Ranjit kumar said...

Hi rohit/vishnu

There is some sense to both the views but Rohit's conventional approach is the best according to me.

Read the following famous article by Richard russell on Compounding and you will know that "Losing money early in your life, is not a good thing"

But when you find a very high probability event, you need to bet on big. You can take that chance.

Ranjit kumar

Rohit Chauhan said...

Hi mark/anonymous

i am not sure if the book is available in india. I got this from a friend in the US


Anonymous said...

"But when you find a very high probability event, you need to bet on big. You can take that chance"

Wrong statement.

This is what I sometimes find a bid odd. People who consider themselves Value Investors decry quantitative finance.

Kindly refer to Kelly's theorm (on communication) where he tells what to bet and how much to bet to maximize profit.

I know I have a holier than thou attitude, but I am a quant guy.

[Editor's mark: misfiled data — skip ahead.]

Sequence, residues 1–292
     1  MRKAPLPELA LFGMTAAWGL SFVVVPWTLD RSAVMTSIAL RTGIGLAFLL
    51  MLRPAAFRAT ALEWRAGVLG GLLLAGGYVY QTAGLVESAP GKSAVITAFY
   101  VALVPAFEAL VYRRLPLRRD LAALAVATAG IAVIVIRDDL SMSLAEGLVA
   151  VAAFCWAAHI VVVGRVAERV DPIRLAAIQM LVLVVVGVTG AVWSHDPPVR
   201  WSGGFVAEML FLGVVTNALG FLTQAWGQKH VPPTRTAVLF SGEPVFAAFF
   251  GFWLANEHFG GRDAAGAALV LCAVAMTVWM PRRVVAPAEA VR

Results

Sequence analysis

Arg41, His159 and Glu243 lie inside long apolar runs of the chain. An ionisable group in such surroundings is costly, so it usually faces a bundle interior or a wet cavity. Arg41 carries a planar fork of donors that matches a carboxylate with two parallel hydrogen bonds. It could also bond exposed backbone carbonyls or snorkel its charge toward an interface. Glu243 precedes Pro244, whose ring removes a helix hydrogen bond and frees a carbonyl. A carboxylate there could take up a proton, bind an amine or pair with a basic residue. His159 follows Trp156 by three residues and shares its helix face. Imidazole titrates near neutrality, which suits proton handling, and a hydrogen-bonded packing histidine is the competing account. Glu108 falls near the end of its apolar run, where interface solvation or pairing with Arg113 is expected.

Rohit Chauhan said...

Hi anonymous
i find nothing wrong in this statement. it is completely in synch with kelly's theorem.
the above statement says if you find high probability event , bet big
kelly's theorem quantitifies the big.
the catch is how do you know that the odds you calculate are correct ?
i dont know about others, but i tend to bet lesser than what kelly's theorem suggests because i want to keep a margin of safety due to my own ignorance/ failings etc.
i personally dont understand quant finance and hence have no opinion on it.
actually i find it strange that investing has be like religion where if i belong to the 'value investing' religion, all the other approaches are wrong.
personally i dont subscribe to that kind of a mindset. if i can learn from other approaches , good for me. if i dont understand the other approach, i prefer not have an opinion till i can understand it well and analyse it for its merits or de-merits.

Sangram Pradhan said...
this is a good site to access similar information!
This is a great book!